Some deals are not for everyone. High-net-worth investors may prefer to have some of their money in private placements--offerings exempt from registration under the federal securities laws. The lure, of course, is potentially superior returns but seeking those returns means taking on some risks.
“We’re very concerned about illiquidity, which is common in private placements,” says Paul Jacobs, Atlanta-based chief investment officer for Palisades Hudson Financial Group, headquartered in Scarsdale, N.Y. “During the 2008 financial crisis, even some very wealthy investors were clobbered by a lack of liquidity.” Jacobs says that his firm typically keeps private placements to no more than 10% of an HNW client’s portfolio, because of liquidity risk, although that allocation might go as high as 20% or 30% for clients with substantial means and a willingness to bear that risk.
Private placements may be offered in many asset classes; real estate and energy exploration offerings historically have been widespread. According to Jacobs, though, the likely returns there may not be as great as they are in private equity. “We like stocks,” he says. “Long-term, that’s where you might find the highest payoff.”
Although some private equity sponsors have attempted to provide liquidity features in their offerings, Jacobs urges HNW clients to be patient. Investors may have to wait for many years for a fund’s portfolio companies to have a liquidity event such as a buyout or a public offering. “With the leverage used in private equity offerings, a manager who does a good job can deliver excellent results,” says Jacobs.
Indeed, the manager’s experience and expertise may be especially critical because many private equity offerings are blind pools. That is, a manager will raise money without specifying the portfolio companies to be targeted. Investors are betting on the manager’s ability to find the right company at the right price and provide the necessary operating support to deliver successful paydays.
When asked for an example, Jacobs mentioned a blind pool aimed at small-cap companies. “We’ve worked with the manager,” he says, “and we like his approach to such companies. The program is designed to own 20 companies in multiple industries and we were concerned that he might see only, say, 40 possible companies to buy. However, the manager said he sees 50-100 possible companies a year, so we think there will be many good opportunities for investments.”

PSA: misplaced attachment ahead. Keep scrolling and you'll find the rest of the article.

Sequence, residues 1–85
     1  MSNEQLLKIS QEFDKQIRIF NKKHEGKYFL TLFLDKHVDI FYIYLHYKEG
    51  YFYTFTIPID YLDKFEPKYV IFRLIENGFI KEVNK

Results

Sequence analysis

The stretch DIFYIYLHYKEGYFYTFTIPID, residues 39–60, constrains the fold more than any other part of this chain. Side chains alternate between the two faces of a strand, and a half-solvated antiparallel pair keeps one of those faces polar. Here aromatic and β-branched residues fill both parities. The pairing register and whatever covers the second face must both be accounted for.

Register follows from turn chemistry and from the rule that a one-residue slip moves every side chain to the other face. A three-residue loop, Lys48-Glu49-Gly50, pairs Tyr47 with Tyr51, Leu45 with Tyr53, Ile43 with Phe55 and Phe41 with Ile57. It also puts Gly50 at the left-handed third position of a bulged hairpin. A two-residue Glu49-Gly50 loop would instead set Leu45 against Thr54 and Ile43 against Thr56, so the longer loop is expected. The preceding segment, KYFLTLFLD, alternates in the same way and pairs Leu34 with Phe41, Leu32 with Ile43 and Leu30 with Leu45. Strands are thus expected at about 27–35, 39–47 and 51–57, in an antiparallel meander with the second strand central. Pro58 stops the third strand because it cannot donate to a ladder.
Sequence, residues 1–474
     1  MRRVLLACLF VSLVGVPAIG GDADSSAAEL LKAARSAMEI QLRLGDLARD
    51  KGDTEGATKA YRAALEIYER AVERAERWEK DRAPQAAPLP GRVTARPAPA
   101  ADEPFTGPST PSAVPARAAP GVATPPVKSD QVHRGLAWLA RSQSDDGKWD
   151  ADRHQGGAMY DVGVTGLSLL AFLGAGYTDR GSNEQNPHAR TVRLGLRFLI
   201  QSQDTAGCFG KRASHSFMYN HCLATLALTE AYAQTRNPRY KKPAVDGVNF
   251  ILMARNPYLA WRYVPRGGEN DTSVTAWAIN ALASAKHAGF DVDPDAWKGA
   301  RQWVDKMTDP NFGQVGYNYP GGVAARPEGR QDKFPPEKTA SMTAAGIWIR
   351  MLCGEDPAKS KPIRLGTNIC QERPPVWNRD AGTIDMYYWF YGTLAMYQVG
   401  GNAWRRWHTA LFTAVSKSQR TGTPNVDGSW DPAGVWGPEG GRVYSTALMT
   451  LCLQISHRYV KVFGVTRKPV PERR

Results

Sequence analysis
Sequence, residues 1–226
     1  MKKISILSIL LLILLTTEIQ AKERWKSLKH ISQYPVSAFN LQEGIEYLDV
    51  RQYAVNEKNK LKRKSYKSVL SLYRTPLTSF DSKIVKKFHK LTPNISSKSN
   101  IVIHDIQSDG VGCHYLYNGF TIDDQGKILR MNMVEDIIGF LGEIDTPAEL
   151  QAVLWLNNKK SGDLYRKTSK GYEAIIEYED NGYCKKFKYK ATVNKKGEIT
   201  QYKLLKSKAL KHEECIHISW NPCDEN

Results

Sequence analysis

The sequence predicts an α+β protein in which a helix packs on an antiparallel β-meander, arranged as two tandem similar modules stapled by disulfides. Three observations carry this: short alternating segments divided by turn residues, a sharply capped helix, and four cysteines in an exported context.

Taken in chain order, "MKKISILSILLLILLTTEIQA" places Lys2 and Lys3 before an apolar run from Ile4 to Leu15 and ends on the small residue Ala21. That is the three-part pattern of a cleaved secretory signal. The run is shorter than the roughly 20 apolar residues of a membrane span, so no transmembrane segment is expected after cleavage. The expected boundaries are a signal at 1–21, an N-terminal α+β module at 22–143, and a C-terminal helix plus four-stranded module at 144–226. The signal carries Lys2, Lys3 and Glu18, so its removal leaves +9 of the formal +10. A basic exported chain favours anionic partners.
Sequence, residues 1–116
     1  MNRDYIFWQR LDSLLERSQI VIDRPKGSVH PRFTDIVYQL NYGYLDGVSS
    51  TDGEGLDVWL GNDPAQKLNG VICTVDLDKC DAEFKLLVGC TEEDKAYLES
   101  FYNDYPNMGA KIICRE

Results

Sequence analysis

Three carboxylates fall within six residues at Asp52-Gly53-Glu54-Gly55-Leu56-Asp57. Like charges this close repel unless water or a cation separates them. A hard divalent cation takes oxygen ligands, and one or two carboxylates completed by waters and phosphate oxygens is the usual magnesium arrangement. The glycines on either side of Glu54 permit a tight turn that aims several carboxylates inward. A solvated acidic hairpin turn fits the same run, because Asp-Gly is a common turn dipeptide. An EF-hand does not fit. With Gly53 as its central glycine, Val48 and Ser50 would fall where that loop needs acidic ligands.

In this program, Jacobs adds, the minimum investment is $50,000, to be paid after capital calls. “We thought this was a good opportunity for accredited investors,” he says.
Among individual investors, accredited investors typically are those with over $1 million in net worth or steady income north of $200,000 a year (having a spouse who brings joint income over $300,000 also can help someone qualify). By contrast, a “qualified purchaser” is someone with over $5 million in investments, individually or together with a spouse. Generally, private equity offerings for qualified purchasers have higher minimum investment requirements than those for accredited investors.
For all wealthy clients suitable for private placements, advisors should look closely at the offering’s manager before making any recommendation. Past performance is important, naturally, but Jacobs also evaluates the manager’s support network (is the infrastructure in place to follow through successfully after acquisitions?) and at the manager’s commitment to providing transparency to investors over the course of the venture.
“We also consider diversification within a client’s private equity portfolio,” says Jacobs. “We want to avoid too much emphasis on one sector, one manager, or one type of strategy.” Private placements have enough risks without adding overexposure to one egg in this basket.